How To Help Constipation

How to Help ConstipationHow To Help Constipation

Constipation is one of the most troublesome conditions people can suffer. Without the proper intervention, constipation can worsen and can affect your entire body system.

Constipation can be avoided. Below are some ways provided by on how to help constipation:

Eat foods that contain plenty of fibre

Fibre (roughage) is the part of plant food that is not digested. It stays in your gut and is passed in the poo (faeces, stools or motions). Fibre adds bulk and some softness to the stools. High-fibre foods include the following:

  • Wholemeal or whole-wheat bread, biscuits and flour.
  • Fruit and vegetables. Aim to eat at least five portions of a variety of fruit and vegetables each day. One portion is: one large fruit such as an apple, pear, banana, orange, or a large slice of melon or pineapple; OR two smaller fruits such as plums, satsumas, etc; OR one cup of small fruits such as grapes, strawberries, raspberries, cherries, etc; OR one tablespoon of dried fruit; OR a normal portion of any vegetable (about two tablespoons); OR one dessert bowl of salad.
  • Wholegrain breakfast cereals such as All-Bran®, Bran Flakes®, Weetabix®, Shredded Wheat® and muesli. A simple thing like changing your regular breakfast cereal can make a big difference to the amount of fibre you eat each day.
  • Brown rice, and wholemeal spaghetti and other wholemeal pasta.

Although the effects of a high-fibre diet may be seen in a few days, it may take as long as four weeks. You may find that if you eat more fibre (or take fibre supplements – see below), you may have some bloating and wind at first. This is often temporary. As your gut becomes used to extra fibre, the bloating or wind tends to settle over a few weeks. Therefore, if you are not used to a high-fibre diet, it is best to increase the amount of fibre gradually.

Have plenty to drink

Aim to drink at least two litres (about 8-10 cups) of fluid per day. You will pass much of the fluid as urine, but some is passed out in the gut and softens the stools. Most sorts of drink will do, but alcoholic drinks can be dehydrating and may not be so good. As a start, try just drinking a glass of water 3-4 times a day in addition to what you normally drink.


Sorbitol is a naturally occurring sugar. It is not digested very well and draws water into the gut, which has an effect of softening the stools. In effect, it acts like a natural osmotic laxative (osmotic laxatives are explained later). So, you may wish to include some foods that contain sorbitol in your diet. Fruits (and their juices) that have a high sorbitol content include apples, apricots, gooseberries, grapes (and raisins), peaches, pears, plums, prunes, raspberries and strawberries. The concentration of sorbitol is about 5-10 times higher in dried fruit. Dried or semi-dried fruits make good snacks and are easily packed for transport – for example, in a packed lunch.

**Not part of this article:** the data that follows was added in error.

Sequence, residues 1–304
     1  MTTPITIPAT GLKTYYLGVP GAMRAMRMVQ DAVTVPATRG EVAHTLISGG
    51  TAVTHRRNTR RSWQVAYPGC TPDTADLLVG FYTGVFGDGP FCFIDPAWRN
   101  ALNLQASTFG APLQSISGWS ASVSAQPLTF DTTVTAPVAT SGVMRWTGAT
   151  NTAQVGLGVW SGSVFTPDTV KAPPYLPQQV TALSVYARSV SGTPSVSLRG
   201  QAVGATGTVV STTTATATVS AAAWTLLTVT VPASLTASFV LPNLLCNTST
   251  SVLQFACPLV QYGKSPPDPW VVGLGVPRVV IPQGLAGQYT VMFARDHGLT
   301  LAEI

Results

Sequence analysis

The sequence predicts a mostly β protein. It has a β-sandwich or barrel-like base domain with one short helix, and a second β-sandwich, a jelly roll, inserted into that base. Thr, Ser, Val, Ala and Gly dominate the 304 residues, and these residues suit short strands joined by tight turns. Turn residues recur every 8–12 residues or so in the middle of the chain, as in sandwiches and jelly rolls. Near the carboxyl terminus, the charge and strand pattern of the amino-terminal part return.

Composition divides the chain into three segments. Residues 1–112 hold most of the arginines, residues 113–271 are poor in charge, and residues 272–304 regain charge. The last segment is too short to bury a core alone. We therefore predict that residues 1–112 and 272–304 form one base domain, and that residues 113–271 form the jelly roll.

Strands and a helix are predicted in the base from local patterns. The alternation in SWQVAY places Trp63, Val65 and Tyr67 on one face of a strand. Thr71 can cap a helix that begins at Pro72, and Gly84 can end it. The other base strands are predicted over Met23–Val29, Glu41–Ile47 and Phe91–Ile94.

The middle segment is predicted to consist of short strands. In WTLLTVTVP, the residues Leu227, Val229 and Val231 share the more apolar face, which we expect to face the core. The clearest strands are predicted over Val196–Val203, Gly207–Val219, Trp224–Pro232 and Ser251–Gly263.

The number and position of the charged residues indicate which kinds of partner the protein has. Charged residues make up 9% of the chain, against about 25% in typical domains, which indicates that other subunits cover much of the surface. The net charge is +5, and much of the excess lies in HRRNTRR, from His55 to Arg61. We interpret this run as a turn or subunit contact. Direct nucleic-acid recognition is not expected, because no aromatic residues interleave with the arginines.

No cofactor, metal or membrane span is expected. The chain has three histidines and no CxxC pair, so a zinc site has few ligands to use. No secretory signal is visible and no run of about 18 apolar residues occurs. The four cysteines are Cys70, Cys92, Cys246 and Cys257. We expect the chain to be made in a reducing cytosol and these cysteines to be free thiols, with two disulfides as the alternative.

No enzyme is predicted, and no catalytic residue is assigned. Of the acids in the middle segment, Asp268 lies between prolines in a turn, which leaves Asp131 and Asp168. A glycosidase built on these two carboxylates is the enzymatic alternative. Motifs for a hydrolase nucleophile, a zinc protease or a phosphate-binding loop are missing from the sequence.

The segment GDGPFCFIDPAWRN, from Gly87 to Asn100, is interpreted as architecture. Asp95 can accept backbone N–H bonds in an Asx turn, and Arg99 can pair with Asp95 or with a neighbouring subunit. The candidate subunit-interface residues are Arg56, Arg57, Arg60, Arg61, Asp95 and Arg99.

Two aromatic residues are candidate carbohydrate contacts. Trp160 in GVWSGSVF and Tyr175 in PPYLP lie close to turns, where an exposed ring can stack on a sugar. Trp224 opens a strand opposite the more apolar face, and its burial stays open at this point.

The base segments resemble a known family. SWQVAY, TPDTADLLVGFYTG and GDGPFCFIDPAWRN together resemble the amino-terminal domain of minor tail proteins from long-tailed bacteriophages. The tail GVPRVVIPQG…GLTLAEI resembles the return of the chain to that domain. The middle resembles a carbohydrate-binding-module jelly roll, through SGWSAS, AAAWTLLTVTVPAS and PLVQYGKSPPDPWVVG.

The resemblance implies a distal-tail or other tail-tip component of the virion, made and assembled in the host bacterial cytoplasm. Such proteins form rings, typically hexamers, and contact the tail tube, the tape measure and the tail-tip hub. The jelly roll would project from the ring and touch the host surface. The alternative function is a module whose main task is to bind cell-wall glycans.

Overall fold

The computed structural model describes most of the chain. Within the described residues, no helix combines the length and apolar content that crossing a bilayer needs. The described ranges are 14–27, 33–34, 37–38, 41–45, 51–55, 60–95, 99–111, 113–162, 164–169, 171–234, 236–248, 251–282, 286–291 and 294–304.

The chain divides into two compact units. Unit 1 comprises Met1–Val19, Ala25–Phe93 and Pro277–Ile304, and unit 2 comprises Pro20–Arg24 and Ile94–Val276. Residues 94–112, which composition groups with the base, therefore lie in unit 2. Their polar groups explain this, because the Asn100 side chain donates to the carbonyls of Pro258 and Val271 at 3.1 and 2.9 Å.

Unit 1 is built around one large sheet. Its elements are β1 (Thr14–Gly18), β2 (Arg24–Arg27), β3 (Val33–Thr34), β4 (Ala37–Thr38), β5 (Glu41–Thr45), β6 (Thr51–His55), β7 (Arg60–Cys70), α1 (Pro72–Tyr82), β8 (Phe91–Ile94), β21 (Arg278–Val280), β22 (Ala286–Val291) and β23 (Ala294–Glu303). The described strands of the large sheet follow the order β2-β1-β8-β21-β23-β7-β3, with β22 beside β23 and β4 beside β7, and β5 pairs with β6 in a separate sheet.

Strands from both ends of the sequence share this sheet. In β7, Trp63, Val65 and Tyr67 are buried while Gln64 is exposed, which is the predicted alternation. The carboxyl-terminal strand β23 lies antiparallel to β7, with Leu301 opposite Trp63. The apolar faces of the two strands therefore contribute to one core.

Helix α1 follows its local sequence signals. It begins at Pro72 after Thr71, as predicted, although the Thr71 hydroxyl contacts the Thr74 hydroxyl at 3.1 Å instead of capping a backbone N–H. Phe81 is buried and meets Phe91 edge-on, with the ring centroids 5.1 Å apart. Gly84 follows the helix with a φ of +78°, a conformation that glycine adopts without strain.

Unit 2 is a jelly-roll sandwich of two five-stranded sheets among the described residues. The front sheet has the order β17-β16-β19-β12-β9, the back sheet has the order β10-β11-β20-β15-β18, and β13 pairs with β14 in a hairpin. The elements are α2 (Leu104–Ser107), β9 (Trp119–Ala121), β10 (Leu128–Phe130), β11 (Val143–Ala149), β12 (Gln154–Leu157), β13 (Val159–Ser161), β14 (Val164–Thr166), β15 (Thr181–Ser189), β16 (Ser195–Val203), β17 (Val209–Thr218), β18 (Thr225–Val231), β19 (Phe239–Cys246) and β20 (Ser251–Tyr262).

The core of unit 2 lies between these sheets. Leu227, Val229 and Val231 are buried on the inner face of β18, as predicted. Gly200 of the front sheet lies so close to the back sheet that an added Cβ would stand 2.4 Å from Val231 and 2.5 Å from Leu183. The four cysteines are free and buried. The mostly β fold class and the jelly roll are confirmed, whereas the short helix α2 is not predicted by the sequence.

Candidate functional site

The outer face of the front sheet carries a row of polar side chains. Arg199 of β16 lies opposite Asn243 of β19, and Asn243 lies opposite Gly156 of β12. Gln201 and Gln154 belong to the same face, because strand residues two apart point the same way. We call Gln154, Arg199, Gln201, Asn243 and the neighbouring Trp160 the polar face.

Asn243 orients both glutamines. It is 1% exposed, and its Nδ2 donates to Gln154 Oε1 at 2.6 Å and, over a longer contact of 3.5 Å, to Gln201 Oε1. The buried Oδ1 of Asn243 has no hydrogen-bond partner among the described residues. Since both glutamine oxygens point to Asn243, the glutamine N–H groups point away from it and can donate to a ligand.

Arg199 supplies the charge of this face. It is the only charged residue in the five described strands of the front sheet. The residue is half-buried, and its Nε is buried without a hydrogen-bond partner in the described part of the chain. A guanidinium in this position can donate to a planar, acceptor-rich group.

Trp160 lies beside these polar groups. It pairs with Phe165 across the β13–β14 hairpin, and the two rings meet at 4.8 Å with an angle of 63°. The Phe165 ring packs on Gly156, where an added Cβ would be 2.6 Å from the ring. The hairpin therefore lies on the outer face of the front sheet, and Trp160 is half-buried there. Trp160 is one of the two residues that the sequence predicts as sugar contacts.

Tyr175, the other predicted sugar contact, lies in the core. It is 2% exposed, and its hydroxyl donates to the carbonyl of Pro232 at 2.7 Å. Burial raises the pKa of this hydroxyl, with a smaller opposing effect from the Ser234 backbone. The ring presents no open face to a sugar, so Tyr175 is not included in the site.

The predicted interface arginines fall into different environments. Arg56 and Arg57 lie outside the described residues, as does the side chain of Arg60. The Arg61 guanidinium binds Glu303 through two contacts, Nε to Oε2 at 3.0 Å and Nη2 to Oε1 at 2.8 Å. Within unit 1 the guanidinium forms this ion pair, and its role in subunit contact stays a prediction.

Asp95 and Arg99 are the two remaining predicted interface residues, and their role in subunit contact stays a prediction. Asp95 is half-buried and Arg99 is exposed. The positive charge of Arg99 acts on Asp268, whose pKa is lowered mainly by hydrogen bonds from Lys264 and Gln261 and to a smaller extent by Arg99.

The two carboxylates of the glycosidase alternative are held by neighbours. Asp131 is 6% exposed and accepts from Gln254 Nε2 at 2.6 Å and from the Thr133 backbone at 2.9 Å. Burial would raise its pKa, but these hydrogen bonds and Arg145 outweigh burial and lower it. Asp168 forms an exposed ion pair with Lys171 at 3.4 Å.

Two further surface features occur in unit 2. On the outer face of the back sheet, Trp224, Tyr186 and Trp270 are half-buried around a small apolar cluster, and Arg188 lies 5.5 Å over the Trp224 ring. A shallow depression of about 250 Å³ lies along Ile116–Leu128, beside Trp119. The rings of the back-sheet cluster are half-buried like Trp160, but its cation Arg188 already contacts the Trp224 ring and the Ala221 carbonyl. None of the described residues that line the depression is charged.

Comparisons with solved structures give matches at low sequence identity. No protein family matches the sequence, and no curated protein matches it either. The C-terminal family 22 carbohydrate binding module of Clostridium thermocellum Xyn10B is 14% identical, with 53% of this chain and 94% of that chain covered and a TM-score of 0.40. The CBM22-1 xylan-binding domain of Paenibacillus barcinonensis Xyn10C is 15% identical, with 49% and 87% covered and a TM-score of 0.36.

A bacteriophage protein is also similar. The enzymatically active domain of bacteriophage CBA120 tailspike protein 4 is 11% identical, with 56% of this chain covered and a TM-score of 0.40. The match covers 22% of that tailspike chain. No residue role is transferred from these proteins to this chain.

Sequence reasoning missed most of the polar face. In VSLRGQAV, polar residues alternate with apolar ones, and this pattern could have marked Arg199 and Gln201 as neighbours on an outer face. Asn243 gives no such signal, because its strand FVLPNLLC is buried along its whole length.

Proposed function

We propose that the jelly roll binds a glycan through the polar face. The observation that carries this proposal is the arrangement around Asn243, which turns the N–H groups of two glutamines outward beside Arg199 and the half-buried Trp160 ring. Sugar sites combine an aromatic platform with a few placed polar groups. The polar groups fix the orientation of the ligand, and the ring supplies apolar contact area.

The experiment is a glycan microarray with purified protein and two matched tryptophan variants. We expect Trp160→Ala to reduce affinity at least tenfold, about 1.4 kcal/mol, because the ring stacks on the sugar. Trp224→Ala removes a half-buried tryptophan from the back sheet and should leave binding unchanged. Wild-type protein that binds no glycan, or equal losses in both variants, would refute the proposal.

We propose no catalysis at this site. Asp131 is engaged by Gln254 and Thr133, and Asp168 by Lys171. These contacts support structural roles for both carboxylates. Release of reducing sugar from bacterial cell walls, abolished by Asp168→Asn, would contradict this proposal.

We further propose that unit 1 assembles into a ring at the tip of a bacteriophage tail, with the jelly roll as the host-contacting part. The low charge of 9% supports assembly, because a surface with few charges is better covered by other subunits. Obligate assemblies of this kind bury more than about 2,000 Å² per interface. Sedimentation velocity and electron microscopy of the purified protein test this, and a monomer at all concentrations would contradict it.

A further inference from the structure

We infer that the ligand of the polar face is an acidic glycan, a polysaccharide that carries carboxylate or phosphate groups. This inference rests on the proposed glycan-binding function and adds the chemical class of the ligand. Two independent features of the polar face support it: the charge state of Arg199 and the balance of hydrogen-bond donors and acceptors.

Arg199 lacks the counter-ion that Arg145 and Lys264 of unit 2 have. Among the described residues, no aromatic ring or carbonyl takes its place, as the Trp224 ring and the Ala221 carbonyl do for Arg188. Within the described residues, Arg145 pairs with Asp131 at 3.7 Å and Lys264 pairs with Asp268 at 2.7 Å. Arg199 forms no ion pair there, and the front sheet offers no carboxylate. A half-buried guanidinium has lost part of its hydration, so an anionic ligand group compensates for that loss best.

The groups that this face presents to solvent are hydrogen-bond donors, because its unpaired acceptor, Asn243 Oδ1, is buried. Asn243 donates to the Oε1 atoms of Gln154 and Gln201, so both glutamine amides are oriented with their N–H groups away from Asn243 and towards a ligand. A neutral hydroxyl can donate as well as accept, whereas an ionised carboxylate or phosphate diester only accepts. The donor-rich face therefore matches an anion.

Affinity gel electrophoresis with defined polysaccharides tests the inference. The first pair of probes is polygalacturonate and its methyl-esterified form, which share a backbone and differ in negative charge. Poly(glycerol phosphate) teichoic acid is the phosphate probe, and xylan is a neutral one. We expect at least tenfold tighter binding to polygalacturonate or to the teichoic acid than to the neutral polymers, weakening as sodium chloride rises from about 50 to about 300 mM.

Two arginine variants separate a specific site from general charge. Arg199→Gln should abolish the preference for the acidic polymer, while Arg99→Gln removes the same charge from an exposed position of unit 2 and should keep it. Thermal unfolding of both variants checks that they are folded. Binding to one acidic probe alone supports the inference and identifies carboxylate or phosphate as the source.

Exercise regularly, if possible

Keeping your body active helps to keep your gut moving. It is well known that disabled people, and bed-bound people (even if just temporarily whilst admitted to hospital) are more likely to get constipated.


Aside from the methods above, there are also foods that can help in relieving constipation. According to MedicineNet, the following foods can help your condition:

  • Prunes. Researchers at the University of Iowa tested dried, pitted plums (prunes) against psyllium (a laxative) in 40 adults who were constipated. Those given the plums had measurably higher spontaneous bowel movements than those given the laxative.
  • Beans. Beans have more than 10 grams of fiber per cup serving — that’s more than almost any other fiber source. “Beans have a great mixture of soluble and insoluble fiber, which helps the food keep moving through your intestines,” King says.
  • Kiwi. The luscious green flesh of the kiwi may be just what the doctor ordered. One medium kiwi has about 2.5 grams of fiber and lots of vitamins and nutrients that are important for good health, including your intestines.
  • Rye Bread. Researchers at the University of Finland in Helsinki found whole grain rye bread to be better than wheat bread and laxatives for relieving constipation. They reported their findings in the Journal of Nutrition in 2010. Their subjects ate enough slices (12.3 grams each) to get 30 grams of fiber a day. But you don’t have to eat that much for it to work.

Source: MedicineNet

These are some of the things that you can do in order to help constipation. Take note of them and as much as possible, try incorporating the said foods in your diet.

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